It is notable that the SEC conceded in the adopting release that its existing broker-dealer record retention requirements are not only obsolete, but also that their obsolescence creates problems for registrants. The industry should push aggressively for a rewrite of these requirements.


Conor Almquist

Tucked within this nearly 500 page release are rule changes and clarifications that provide much needed technology updates. As Commissioner Peirce explained last December, SEC rules reflect significant technological obsolescence, particularly the rules that require notices to be sent by facsimile and the use of microfiche storage. This release removes many of these outdated requirements while adding the ability to provide notice by email.

The amendment to 17a-11 notice requirements will likely be welcome news to firms, who might now be able to throw away the last of their fax machines. The clarification to 17a-4(f) regarding the "WORM" requirements is notable, as the SEC's 2003 guidance on use of electronic storage media referred to WORM being satisfied by use of "integrated hardware and software control codes," which seemed to indicate specific hardware requirements, such as optical disk, CD-ROM and magnetic tape. This release states that compliance could be achieved through an electronic storage system that relies exclusively on software coding to prevent overwriting, erasing, or alteration of records. As such, this clarification has significant implications for the use of modern technology like cloud storage and perhaps blockchain.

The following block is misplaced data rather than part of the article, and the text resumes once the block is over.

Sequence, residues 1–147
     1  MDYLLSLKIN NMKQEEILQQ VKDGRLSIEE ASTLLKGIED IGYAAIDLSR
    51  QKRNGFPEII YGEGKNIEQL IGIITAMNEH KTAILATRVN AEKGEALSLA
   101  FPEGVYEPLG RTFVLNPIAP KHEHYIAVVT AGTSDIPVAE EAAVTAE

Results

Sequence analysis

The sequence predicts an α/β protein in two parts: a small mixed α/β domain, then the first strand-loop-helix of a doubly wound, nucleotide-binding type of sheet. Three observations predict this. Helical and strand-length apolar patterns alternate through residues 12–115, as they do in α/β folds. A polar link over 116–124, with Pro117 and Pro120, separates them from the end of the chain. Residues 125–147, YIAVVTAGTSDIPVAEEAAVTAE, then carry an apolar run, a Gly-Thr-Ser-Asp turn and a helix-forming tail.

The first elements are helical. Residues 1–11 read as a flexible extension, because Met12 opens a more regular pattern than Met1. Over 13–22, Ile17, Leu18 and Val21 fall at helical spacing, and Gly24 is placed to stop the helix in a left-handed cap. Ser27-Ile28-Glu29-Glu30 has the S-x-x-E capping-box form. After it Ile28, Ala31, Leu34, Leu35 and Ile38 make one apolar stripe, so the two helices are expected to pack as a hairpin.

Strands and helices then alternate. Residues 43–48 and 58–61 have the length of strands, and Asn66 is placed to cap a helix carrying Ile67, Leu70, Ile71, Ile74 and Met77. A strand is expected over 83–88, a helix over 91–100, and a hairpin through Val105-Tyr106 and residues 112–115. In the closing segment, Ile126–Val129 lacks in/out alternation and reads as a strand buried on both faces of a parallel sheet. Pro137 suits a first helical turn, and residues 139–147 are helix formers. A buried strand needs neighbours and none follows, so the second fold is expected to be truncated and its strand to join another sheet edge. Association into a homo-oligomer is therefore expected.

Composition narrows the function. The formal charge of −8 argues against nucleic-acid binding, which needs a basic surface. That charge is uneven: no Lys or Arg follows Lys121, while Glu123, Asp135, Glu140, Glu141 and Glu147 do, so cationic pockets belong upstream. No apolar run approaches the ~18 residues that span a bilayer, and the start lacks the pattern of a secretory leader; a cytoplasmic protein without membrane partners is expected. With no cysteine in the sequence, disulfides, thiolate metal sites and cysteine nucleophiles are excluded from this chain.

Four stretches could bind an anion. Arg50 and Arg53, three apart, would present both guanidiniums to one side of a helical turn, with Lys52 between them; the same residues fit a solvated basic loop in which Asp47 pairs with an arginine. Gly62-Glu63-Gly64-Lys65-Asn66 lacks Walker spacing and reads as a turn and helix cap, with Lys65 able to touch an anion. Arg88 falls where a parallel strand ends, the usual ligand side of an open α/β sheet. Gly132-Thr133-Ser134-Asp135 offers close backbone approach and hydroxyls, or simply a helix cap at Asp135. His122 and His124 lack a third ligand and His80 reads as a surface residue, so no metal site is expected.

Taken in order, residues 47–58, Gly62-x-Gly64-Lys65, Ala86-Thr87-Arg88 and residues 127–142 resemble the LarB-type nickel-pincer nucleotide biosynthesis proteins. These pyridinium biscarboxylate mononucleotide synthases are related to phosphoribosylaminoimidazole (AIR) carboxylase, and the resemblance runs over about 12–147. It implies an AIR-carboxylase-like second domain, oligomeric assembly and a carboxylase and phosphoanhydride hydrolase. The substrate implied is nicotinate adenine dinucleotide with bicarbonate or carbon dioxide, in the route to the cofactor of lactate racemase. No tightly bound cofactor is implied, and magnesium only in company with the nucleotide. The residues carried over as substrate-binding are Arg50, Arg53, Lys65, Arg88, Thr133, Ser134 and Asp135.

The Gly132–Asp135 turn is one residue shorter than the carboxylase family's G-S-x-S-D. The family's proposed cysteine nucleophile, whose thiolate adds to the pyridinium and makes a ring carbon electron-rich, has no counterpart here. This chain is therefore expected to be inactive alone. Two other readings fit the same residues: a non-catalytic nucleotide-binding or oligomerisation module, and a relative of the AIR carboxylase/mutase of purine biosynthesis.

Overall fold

While the SEC does not go as far as it might in modernizing technology related to recordkeeping requirements (or as the CFTC did in 2017 - generally requiring that trustworthiness of documents is ensured and eliminating prescriptive requirements, including the use of WORM format), the SEC acknowledges that changes should be made to the electronic storage requirements in 17a-4, and that these are intended to be addressed in a separate regulatory initiative. Notably, the SEC did not apply the WORM record retention requirements to bank SBSDs and standalone SBSDs, conceding that this would place a needless burden on them.

The content of this article is intended to provide a general guide to the subject matter. Specialist advice should be sought about your specific circumstances.